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Lecture 5

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GEOG 221
Nancy Ross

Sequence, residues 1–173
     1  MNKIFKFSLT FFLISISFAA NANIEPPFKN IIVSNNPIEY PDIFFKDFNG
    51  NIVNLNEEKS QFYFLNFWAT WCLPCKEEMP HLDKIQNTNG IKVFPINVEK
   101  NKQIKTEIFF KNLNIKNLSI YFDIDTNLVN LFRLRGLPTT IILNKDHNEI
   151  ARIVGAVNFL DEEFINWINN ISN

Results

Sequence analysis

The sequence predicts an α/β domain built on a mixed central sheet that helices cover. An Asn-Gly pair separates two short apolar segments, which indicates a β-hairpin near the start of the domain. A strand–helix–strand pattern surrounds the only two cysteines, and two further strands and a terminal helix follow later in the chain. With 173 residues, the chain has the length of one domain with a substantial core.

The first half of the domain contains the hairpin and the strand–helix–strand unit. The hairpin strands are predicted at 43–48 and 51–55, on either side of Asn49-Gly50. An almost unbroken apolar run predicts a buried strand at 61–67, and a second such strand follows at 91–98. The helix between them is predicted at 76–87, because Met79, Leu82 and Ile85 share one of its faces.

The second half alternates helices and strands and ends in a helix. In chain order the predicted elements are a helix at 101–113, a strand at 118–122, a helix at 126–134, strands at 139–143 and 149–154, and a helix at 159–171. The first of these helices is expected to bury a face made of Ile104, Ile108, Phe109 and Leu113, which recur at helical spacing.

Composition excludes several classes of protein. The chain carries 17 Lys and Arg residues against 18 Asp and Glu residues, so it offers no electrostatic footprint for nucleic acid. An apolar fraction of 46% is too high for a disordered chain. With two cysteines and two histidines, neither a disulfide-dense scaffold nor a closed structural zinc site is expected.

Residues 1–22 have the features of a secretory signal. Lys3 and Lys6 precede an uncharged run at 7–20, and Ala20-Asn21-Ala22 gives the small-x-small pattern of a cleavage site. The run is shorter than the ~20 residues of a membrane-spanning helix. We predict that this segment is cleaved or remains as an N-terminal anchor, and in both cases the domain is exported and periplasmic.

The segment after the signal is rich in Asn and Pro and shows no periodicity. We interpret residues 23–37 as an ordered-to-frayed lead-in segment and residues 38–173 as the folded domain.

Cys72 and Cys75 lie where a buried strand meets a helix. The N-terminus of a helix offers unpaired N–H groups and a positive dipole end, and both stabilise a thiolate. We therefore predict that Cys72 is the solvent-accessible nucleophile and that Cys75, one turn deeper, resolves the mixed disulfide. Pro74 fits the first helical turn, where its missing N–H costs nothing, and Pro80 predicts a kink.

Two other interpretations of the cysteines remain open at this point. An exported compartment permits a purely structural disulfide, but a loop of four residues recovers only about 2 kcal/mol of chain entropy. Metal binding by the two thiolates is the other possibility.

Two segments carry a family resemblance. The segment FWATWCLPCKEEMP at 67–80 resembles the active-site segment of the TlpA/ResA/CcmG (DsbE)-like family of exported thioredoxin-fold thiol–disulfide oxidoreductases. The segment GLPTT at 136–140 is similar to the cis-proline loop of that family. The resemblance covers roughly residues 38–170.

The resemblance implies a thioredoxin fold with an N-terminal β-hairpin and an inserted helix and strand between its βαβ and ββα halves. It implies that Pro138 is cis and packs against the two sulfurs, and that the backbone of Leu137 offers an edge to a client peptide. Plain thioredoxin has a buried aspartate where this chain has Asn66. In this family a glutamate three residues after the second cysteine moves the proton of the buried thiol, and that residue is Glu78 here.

GEOG 221 Lecture 5 Ozone: can’t live with it, can’t live without it  Ozone: naturally occurring gas, trace gas  Most ozone is found in a layer between 15 and 35 km above the surface (stratosphere)  Ozone layer here is beneficial to life on earth (absorbs harmful UV radiation from the sun)  Photochemical ozone (created near the surface) is a secondary pollutant  High energy UV (far) is absorbed high in the atmosphere, near UV is transformed into 3 different UV types (A, B, C)  Higher energy = shorter wavelength  Ozone: UV radiation connection o All UV-C (highest energy – most destructive) is absorbed by O3 layer (destroys DNA) o Most UV-B is absorbed – but holes are causing increased exposure and health risks (skin cancer, etc)  Cumulative, happens over time – a lifetime of exposure leads to problems later in life o Nearly all UV-A reaches the surface (mostly benign)  Plays a role in some health effects such as immune system, etc  Parts of sunlight have enough energy to do damage to your system  Ozone: photochemistry of creation o O3 rapidly created in a 3-body reaction: where M is a third molecule which carries off the excess energy during the 3-way collision but remains unaffected (M is typically oxygen or nitrogen) o If M is not there, too much energy to stick together o If nothing else happened, all oxygen would be converted to 03 – not a great thing! o Ozone chemistry:  Oxygen molecules are photolyzed, yielding 2 oxygen atoms  Ozone and oxygen atoms are continuously being interconverted as solar UV breaks ozone and the oxygen atom reacts with another oxygen molecule  This interconversion process converts UV radiation into thermal energy, heating the atmosphere  Ozone is lost by a reaction of the oxygen atom or the ozone molecule with each other, or some other trace gas such as chlorine o There are cycles happening in the atmosphere o Oxygen converted to ozone, needs to go the other way as well! o Energy coming from the sun in form of UV splits up O2 o A competing process reduces 03: 03 is photodissociated by UV radiation into atomic and molecular oxygen o The natural creation-destruction cycle repeats o O3 dissociation is sped up by the presence of catalytic agents  Ozone: catalytic destruction o Catalytic destruction destroy O3 in the presence of molecule X which reacts and removes O3 while being regenerated in the process o In the stratosphere X is=  nitric oxide (NO) (XO = NO2)  hydroxyl (OH) = HO2  chlorine (Cl) = ClO  bromine (Br) = BrO o these catalytic agents cause a reduction of the ozone layer in the stratosphere: BAD because we need the ozone layer (stratosphere ozone is GOOD) o UV radiation strikes a CFC molecule, causes a chlorine atom to break away. It collides with an ozone molecule, steals an oxygen atom to form chloride monoxide (ClO) and leave a molecule of ordinary oxygen. When a free atom of oxygen collides with the chloride monoxide, the two oxygen atoms form a molecule of oxygen. The chlorine atom is released and free to destroy more ozone.  The CFC connection o Chlorofluorocarbons are a family of chemically stable compounds with low toxicity that are purely artificially created  Safely used as refrigerants and propellants o So stable that there appears to be no way in which the CFC is removed  Do not react with scavenging agents such as OH  Not water soluble so not washed out by precipitation or dissolved into oceans  Each molecule has a typical lifespan of 100 years o The only sink appears to be transport into the stratosphere  Here UV radiation is more intense and can dissociate CFC’s  BUT: this releases chlorine atoms which act as catalyst in O3 destruction  Fortunately, HCl is transferred downwards from stratosphere to troposphere at the same rate as CFC’s are transferred upwards o CFCs are not naturally occurring: before their creation there were none, as soon as they were released the ozone layer started thinning  How much ozone is there? o Ozone layer thickness expressed in terms of “Dobson units”  Measure of physical thickness of layer if compressed in the earth’s atmosphere o It is very thin (around 2 pennies)  1 DU is equivalent to 2.7 x 10^16 ozone molecule cm^-2 of surface o Ozone depletion is most severe over the south pole where a large “hole” opens each year during Antarctic spring (Northern hemisphere’s fall)  Hole is defined as regions over which ozone layer is < 220 DU in thickness  Evidence for Stratospheric Ozone Depletion o Hole discovered by British scientists in 1985 who, while working in the Antarctic noticed that each October, the DU dropped  Speculated a link to increase of CFC’s o By studying earlier records it was determined that the hole had formed since 1970’s o Hole has continued to grow and deepen reaching record low of 100 DU in 1999 (<1/3 1960’s) o 1998 it covered 26 million km^2 and lasted for 3 months, depletions of 70% o It now reaches beyond the tip of South America (also touches Australia) o Less DU means less thickness of ozone, less stopping of UV radiation  Cause of Antarctic Ozone Hole o Combination of right meteorological conditions and wrong human activity o The ‘polar vortex’ acts as a containment vessel  strong subsidence isolates the southern polar atmosphere o Stratospheric ice clouds form over the southern polar region o Chlorine and bromine (CFC’s) from human activities are converted to active chemical forms by UV-C  Vigorously interact chemically with ozone as a catalytic agent
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